Today is day 12 that I've been waiting for the phone to ring. I am not afraid. For I know that no matter what my doctor says, I am whole and I am healed and I will live forever. But most importantly I know that, whatever happens, God is good all the time. I know this in my bones.

But still, this has been a super rough 12 days. When she did the biopsy I barely flinched. My doctor is pregnant with a baby girl and I was busy cooing. As she removed the mole, I was preoccupied talking about baby names and how hard it is to be pregnant through the August heat. She and I have become good friends over this last difficult year.

It wasn't til later that night when the bandaid fell off that I gave the site a second thought. It was angry. Dark purple around the edges and black in the middle. I gasped and Jon came into the bathroom, examined the site, and with big eyes, put one hand over his mouth and shook his head. We've been here before.

And that's the real problem. I know the toll this takes on my family. It throws off our family rhythm,  it's exhausting for everyone, and it's expensive. Plus, I don't love surgery, and after the first few days when the happy pain pills wear off, I get cabin fever and I get whiny. I get tired of asking for a drink of water, I get tired of needing help to get dressed and I will always be tired of needing help to get to the bathroom. I'm the mom, and these things put me in opposite-land.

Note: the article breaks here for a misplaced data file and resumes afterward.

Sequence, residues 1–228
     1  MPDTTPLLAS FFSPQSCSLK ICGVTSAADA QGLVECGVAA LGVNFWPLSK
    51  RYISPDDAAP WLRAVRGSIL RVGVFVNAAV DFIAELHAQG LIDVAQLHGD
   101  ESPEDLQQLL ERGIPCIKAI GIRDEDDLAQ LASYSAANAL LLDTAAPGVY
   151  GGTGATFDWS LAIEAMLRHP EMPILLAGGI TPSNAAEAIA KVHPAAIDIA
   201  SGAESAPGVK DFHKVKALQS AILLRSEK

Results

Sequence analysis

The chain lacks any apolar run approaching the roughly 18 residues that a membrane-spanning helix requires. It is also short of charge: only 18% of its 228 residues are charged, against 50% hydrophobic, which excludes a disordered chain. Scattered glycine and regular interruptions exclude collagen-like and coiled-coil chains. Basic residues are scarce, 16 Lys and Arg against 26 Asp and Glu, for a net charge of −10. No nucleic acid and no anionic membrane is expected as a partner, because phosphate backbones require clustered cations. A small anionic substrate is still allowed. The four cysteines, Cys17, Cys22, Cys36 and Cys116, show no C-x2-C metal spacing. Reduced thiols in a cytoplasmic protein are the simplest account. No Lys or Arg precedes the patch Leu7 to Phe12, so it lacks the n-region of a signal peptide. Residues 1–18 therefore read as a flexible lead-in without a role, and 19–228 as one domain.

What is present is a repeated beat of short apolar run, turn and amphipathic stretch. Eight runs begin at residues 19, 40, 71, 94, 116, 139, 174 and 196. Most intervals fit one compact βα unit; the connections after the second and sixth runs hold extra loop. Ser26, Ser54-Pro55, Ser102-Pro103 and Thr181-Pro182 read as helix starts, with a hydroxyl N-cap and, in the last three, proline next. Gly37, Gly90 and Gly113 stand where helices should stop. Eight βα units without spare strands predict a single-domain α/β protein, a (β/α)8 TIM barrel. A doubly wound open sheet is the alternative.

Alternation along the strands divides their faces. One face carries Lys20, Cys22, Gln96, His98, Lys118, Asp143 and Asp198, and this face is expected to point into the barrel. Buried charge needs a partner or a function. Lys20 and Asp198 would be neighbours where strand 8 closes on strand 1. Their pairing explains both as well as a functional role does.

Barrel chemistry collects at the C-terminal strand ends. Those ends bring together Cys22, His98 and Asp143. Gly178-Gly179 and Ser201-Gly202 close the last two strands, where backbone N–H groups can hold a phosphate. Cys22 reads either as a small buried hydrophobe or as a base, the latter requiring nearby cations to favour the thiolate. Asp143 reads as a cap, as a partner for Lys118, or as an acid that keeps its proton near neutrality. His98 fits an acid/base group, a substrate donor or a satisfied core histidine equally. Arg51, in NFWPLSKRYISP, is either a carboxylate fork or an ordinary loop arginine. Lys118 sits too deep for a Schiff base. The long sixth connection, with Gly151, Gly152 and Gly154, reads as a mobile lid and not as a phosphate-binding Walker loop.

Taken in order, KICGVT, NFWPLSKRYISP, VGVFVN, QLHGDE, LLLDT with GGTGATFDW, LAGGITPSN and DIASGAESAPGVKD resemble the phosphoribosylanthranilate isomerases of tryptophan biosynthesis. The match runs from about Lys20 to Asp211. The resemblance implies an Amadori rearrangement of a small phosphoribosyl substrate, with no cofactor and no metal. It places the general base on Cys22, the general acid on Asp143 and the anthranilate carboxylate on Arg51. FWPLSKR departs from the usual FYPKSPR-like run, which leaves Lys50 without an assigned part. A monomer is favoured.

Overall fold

Also, I simply don't have time for surgery right now. It's almost summertime, and I have wonderful plans. May graduates college this Saturday and we have much planning to do for her wedding. Summer is coming home from studying in the mountains for the semester. I haven't seen her since February! Her and I have months of coffee and tea time to make up for. And my baby sister and her husband are coming to stay with us in two weeks, from very far across the pond, and bringing my new nephew who I have only seen in pictures and not yet smelled the top of his sweet baby head. Plus, Jazi loves to go to Laguna now with her friends, of course drenched in sunscreen, but I love driving them all there, we roll down the windows and blast Aurora on the stereo. It makes me feel like one of the girls. And in June we are traveling to Oregon to see my brother finally wed his lovely lady of 20 years. And my other sister and nieces and nephews are flying out from Tennessee and we have several beach days planned.
I have purchased a very wide brimmed hat and a sun-protection shawl and painted my toes bright watermelon pink, so as you can see, I simply have no time for melanoma.